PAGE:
LONDON — Hundreds of thousands of children returned to school on Monday, as Britain began easing its coronavirus lockdown restrictions. But there was a strong current of resistance: Many schools remained shuttered and many parents chose to keep their children home.
The return was encouraged, but not mandatory, for children in England in the equivalent of kindergarten, first grade and sixth grade — identified as “key transition years” by the British government.
The semiautonomous governments of Scotland, Wales and Northern Ireland have decided to wait until August or later to start sending students back.
Within England, too, dozens of local authorities and individual principals chose not to reopen their school doors this week.
“As soon as we are convinced that everybody is saying the same thing, instead of having conflicting messages, we will reopen,” Michelle Sheehy, a principal at Millfield primary school in the West Midlands, told the BBC.
The British government insists that it is easing restrictions cautiously and following the science. Over the weekend, however, several of the government’s own scientific advisers warned that England could be lifting the lockdown too quickly.
Teacher unions and parent groups have raised safety concerns, ranging from access to protective equipment to worries over ensuring social distancing in the classroom.
Patrick Roach, the general secretary of the NASUWT teaching union, said in a statement, “No teacher should be expected to be in a workplace that is unsafe.”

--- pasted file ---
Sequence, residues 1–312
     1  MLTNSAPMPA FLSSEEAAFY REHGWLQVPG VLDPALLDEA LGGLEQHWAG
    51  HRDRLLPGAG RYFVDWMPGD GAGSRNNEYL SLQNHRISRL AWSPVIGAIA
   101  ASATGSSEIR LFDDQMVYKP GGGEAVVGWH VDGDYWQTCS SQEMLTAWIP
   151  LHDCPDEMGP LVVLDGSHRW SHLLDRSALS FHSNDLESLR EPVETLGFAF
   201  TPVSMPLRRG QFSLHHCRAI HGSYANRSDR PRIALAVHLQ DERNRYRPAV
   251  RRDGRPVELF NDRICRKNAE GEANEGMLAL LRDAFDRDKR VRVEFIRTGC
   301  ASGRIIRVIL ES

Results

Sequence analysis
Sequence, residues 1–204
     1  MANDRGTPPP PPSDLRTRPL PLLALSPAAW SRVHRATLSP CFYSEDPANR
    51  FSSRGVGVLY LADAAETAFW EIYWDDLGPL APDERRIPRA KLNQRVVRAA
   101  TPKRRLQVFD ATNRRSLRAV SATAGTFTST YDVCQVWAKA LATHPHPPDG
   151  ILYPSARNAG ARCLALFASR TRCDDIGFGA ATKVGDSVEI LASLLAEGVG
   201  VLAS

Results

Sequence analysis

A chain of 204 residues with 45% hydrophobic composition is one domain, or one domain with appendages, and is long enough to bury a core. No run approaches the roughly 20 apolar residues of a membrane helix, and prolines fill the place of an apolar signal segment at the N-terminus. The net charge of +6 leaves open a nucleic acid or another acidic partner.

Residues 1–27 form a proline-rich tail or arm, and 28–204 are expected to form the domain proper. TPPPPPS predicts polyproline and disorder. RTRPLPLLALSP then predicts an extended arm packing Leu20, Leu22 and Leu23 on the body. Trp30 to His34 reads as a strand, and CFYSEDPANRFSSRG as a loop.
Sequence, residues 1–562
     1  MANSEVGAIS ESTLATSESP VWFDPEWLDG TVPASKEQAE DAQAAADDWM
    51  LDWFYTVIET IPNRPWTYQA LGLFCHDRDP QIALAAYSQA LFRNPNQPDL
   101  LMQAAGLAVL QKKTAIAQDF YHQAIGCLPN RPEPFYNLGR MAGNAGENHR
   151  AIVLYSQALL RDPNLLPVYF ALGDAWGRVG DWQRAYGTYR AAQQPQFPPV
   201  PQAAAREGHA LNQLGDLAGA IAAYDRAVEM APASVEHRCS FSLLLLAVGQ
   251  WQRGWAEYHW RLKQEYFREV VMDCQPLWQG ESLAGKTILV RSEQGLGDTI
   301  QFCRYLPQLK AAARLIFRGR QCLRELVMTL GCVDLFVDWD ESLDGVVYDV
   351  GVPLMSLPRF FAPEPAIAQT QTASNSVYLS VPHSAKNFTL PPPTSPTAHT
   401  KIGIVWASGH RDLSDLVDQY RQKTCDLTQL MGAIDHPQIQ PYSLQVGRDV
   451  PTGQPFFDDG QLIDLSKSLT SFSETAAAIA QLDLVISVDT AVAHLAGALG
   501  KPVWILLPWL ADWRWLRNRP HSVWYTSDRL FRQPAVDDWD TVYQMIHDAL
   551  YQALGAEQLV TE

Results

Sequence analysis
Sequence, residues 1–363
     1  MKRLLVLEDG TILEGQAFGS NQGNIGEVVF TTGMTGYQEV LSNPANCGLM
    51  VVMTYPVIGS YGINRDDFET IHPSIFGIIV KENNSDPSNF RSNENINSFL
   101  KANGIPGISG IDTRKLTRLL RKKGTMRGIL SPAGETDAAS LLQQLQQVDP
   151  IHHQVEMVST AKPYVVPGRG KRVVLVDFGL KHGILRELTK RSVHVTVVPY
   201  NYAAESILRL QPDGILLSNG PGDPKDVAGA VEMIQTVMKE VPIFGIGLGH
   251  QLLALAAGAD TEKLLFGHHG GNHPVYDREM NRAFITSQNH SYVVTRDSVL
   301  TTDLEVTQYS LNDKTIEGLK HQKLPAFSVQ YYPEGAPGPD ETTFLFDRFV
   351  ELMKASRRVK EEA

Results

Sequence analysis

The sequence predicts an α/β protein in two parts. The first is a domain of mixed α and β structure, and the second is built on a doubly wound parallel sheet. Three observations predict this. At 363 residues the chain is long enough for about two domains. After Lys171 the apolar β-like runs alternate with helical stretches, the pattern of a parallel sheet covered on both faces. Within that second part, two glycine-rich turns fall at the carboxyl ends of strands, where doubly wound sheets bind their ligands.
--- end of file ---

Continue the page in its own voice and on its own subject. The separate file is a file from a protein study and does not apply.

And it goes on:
A survey from the National Foundation for Educational Research found school leaders predicted that 46 percent of families would keep their children at home. The Association of School and College Leaders, a union for school principals, said schools were expecting 40 and 70 percent of eligible students to show up at schools that reopen this week.
Most British schools, nurseries and universities closed 10 weeks ago, although some remained open for children of key workers and for vulnerable children.
The government is encouraging parents to send eligible children back now, but local councils won’t pursue fines or prosecutions for unauthorized absences.
For students who did slip on their uniforms on Monday, the schools they returned to had been reconfigured for social distancing.
In its official guidance, the government advised schools to stagger drop-offs, pickups, and lunch breaks; encouraged teaching outside, where possible, “as this can limit transmission and more easily allow for distance between children and staff”; and remove toys that are hard to clean.
Children who used to be in classes of up to 30 students were now in groups of up to 15. Desks that were normally bunched together in clusters were separated. Students were encouraged to regularly wash their hands and use hand sanitizer. Some schools banned playdough, water play and the use of sandpits. There were long lines outside entrances, as students and parents observed the 2-meter rule.
The government said it had prioritized primary schools over secondary schools (the British equivalent of middle school and high school) in part because “there is moderately high scientific confidence in evidence suggesting younger children are less likely to become unwell if infected with coronavirus.”
A survey published Monday by the parenting site Mumsnet found that only 39 percent of its users were planning to send their children to school. Justine Roberts, the founder of Mumsnet, said in an emailed statement that those who did send their kids were “still worried about infection risks and about whether the environment in schools and nurseries will be unsettling.”
For those parents, she said, “the difficulty of doing paid work while caring for young children was a major factor in their decision.”